4. Make sure your spelling and grammar are correct in your reply
You will be roasted by the commenter, if you have a mistake in your response, and the easiest way to make a typo? Getting fast and furious with your typing after seeing the negative comment. Stick your typed up reply into the Grammarly app before hitting send, to be safe.
5. If in doubt, BAN.
Now, if a comment is profane, rude, 100% untrue, anonymous or inappropriate – that person is a ‘troll’ so hit that BAN button (on Facebook, Instagram) or report (Ebay, Tripadvisor, Google) to get rid of it, and if you feel very threatened, you can remove the reviews option on Facebook, and moderate comments before they’re posted. You can also set a profanity filter on Facebook. It's too easy for keyboard warriors to give small business people unwarranted abuse from behind their screens, so take steps to get rid of this negativity that offers zero value and could be harmful. Or, you can 'Hide' comments on Facebook so only the troll and their friends can still see it, but nobody else will.
6. Turn it around and WIN in the situation
I’ve experienced a situation where, I really decided to take on board what the person was saying in relation to a brand I was looking after, and I had a very honest, public conversation with them outlining why we do what we do, being very honest and taking what they said into consideration – making them feel heard and valued, and.. they ended up buying not once, but several times! I was in shock! Afterwards I’d see them tagging friends in competitions and, using discount codes. They were won over, because they simply needed some clarification. They were accusing the brand of gender stereotyping which wasn’t the case, and a serious accusation - so it worth digging a bit deeper because I knew we could prove our points. If I’d gotten defensive (like every fibre of my being wanted to, initially!) I could have turned away a lot of custom in the name of pride and taking things personally, so in that specific case it was worth winning them over – be aware of those instances.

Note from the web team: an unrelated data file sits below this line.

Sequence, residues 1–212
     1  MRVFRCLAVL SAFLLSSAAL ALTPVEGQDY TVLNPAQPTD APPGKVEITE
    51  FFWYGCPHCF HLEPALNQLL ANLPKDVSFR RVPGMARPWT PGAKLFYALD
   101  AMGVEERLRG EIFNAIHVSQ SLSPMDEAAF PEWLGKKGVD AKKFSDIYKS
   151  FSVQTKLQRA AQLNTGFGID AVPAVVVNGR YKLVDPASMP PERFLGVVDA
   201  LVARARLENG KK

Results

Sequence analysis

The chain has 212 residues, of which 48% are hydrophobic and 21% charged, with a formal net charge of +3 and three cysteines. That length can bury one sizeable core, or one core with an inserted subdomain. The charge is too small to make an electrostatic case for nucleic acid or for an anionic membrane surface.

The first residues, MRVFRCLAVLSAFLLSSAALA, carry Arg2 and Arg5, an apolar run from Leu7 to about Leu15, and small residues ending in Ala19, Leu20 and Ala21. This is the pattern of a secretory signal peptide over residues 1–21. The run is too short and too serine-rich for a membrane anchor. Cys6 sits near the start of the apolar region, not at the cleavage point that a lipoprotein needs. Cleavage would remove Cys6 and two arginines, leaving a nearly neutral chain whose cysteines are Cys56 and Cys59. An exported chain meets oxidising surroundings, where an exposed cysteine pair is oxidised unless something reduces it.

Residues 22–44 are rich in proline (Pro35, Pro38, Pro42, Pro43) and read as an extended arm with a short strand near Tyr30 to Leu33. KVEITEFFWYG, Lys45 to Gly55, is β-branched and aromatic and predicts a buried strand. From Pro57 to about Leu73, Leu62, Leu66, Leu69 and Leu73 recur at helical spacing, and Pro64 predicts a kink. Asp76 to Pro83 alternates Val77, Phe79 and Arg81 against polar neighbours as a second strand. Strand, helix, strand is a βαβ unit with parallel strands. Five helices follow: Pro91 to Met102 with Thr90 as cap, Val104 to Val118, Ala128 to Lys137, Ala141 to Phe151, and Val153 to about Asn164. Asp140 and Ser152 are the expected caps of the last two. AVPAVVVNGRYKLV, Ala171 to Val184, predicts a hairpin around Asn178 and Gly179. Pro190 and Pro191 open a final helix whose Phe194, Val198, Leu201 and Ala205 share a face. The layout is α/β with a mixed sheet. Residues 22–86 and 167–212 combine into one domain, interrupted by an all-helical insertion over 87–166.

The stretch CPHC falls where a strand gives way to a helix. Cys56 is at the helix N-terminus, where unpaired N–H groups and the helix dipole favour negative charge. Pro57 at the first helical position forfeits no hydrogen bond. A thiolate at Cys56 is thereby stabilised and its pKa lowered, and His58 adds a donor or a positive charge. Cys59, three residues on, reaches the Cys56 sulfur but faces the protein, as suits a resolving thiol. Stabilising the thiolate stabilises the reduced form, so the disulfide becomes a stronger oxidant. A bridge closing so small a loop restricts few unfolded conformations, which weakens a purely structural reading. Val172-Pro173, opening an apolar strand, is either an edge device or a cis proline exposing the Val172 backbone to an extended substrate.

7. It's not all bad
Having a couple reviews or comments that aren't 5 star or glowing, is not all bad - it builds trust as a matter of fact because like people, no brand is perfect. If you're quite witty your replies could even go viral (but use caution if you're going to go down the controversial/funny route - make sure you are quick witted and can handle any backlash!) We're all learning, we all make mistakes but it's how you deal with them that matters. taking the negatives and making them positive to change your business for the better can be a great thing! All in all, stay cool and hopefully you won’t receive many or indeed, any of these, but – you’ll know what to do if they come along!
If you're struggling to create a consistent strategy for your social media platforms and need some advice, send me a message on firstname.lastname@example.org or follow along over on Instagram where I post tips regularly @mossmarketing
Thank you for reading!